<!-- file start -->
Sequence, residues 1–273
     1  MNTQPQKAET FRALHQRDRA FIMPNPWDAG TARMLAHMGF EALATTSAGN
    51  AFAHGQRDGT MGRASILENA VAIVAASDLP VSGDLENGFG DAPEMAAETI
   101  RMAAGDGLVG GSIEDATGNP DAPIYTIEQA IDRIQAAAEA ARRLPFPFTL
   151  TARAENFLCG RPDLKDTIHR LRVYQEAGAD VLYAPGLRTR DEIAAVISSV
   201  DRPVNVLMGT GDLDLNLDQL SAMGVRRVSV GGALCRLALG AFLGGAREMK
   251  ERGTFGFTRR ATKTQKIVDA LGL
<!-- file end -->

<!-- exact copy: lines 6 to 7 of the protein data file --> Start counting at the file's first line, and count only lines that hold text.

   201  DRPVNVLMGT GDLDLNLDQL SAMGVRRVSV GGALCRLALG AFLGGAREMK
   251  ERGTFGFTRR ATKTQKIVDA LGL